The Prime Minister on Thursday urged people to "come back into the capital" following claims that the 2012 Games had turned London into a "ghost town", with commuters and non-Olympic tourists avoiding the city.
David Cameron said the "threat of meltdown on the traffic system" had been defeated, and that London and all it has to offer was "open for business" during the sporting events.
He told Sky News: "People said also that London wouldn't cope, the traffic would grind to a halt, the capital city wouldn't manage, that hasn't been the case either. I think the authorities have done a good job.
"Clearly there is a challenge now though to say to Londoners, to the British public who've helped us to, as it were, defeat the threat of meltdown on the traffic system, to say to them now actually there is a case, London's working well, it's open for business, come back into the capital, come and shop, come and eat in London's restaurants and let's make sure that all of London's economy benefits from this."
Cameron praised the organisation of the Olympics, amid the "challenges" of the opening days and underlined the Games' role as a platform to do business.
He added: "I chaired the Olympic Cobra again this morning where we go through all the challenges, the problems of the empty seats, the challenge of getting people into London, the challenges of maintaining security, how much we need the army...we go through those challenges everyday to try and make sure we're getting everything right at the Games.
"Now it's still big challenges to overcome, but the country I think is enjoying these Games, they're very well put on, we're getting a lot of praise internationally for how they're being done and my interest is we're also winning some big deals.
"I want to get business here, I want to get investors here and we've had some big successes. Warner Bros for instance have said they are going to make their next big Tom Cruise movie right here in Britain."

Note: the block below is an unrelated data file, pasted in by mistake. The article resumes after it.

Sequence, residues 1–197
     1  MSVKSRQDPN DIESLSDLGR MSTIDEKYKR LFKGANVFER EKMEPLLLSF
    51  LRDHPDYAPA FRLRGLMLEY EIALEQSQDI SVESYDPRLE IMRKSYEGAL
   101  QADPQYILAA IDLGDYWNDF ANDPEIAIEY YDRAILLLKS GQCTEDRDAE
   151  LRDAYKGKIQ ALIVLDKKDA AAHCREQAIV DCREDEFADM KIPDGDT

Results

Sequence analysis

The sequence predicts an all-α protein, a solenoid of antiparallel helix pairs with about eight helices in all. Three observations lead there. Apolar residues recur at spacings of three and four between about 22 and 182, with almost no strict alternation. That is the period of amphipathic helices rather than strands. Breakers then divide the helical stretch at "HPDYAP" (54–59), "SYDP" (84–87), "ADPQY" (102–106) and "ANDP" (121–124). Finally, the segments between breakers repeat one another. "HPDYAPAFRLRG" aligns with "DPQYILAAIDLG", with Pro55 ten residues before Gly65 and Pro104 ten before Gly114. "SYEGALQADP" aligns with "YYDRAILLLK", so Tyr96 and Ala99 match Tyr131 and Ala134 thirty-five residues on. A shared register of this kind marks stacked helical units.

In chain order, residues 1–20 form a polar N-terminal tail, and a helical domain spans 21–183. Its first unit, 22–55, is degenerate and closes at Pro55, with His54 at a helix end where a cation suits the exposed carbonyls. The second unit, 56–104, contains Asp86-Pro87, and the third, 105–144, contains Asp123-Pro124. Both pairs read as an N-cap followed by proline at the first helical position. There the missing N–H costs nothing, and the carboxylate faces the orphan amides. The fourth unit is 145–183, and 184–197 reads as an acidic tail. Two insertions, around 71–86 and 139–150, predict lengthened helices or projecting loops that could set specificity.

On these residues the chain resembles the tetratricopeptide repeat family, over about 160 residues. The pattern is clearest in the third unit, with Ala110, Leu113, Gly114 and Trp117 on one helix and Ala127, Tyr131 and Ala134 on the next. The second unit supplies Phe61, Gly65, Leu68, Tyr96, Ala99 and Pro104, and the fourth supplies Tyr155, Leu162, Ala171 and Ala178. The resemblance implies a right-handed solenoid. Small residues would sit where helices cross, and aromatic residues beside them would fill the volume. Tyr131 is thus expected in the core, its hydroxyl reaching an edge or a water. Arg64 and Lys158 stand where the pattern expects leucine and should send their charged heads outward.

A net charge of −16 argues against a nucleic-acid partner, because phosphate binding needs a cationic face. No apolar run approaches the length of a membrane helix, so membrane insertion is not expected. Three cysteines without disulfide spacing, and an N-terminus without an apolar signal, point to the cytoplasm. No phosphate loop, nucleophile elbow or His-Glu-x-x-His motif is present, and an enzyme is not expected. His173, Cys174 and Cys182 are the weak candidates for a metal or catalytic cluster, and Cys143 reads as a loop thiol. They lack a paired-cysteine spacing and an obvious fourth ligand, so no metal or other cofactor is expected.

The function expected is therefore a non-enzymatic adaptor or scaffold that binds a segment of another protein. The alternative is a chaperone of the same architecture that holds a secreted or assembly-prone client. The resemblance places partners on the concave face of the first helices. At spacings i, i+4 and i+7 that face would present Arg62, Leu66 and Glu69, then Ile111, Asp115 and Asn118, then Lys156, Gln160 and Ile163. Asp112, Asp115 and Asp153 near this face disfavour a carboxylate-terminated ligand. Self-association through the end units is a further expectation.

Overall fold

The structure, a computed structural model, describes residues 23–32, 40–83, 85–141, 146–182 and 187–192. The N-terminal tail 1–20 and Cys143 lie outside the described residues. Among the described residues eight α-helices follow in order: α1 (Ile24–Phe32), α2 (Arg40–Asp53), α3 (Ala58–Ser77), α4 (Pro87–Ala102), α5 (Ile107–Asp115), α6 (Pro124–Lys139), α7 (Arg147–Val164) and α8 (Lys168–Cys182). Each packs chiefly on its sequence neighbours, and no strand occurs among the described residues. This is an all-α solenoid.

Culture Secretary Jeremy Hunt said having the Olympic Games in London was "the best possible gift you could ask for" if you run a tourism business and insisted people needed to adopt a long term view.
After figures showed that footfall in the theatreland and shopping focal point of the West End was down almost 5% and Mayor Boris Johnson admitted that the Games were having a "patchy" effect on some businesses, Hunt told ITV's Daybreak that the Olympics had given the city a global "cachet" that would boost long-term tourism.
"I think we have to take a slightly longer-term view on this - if you have a business in London, particularly a tourism business - a theatre or restaurant or hotel - then having the Olympics in London is the best possible gift you could ask for because that has given London a profile on a global stage," he said.
He added: "We have a plan to get four million additional tourists here over the next four years. It may be a bit up and down over the next few weeks but it is going to be terrific for London businesses."
Transport for London has abandoned recorded warnings from Mr Johnson about expected congestion, blamed by some businesses for scaring people away from the city centre.
Figures from Experian suggested that footfall was down 9.6% in east London stores and 4.53% in the West End compared to last year on Monday and Tuesday this week.
The Licensed Taxi Drivers Association said cab drivers had been hit hard, with business down by around 20%-40%.
Hunt also said Locog had already managed to claim almost 7,000 tickets for unfilled corporate seats back from organisations linked with the Games.
A total of 3,000 tickets were clawed back and sold online on Monday this week and a further 3,800 the following day, he said.
Johnson rejected suggestions that the Olympics had turned London into a ghost town, empty of shoppers and theatre-goers.
He said: "I don't think we should necessarily accept that. If you look at what's happened around the venues, they are all rammed with people."
"And hotels, for instance, have twice as much occupancy as any previous Olympic city."
Speaking after the daily ministerial Olympics meeting in Whitehall, Mr Johnson added: "What we have done, really, is won round one in the great battle to put on a successful Olympics.
"We have got the transport moving, we have all the athletes to venues on time.
"The media, if I may respectfully say, were in the lead in drumming up hysteria, gloom and terror about the possibility of various things going wrong, not least transport. It hasn't gone wrong. We are putting on a very good Games indeed."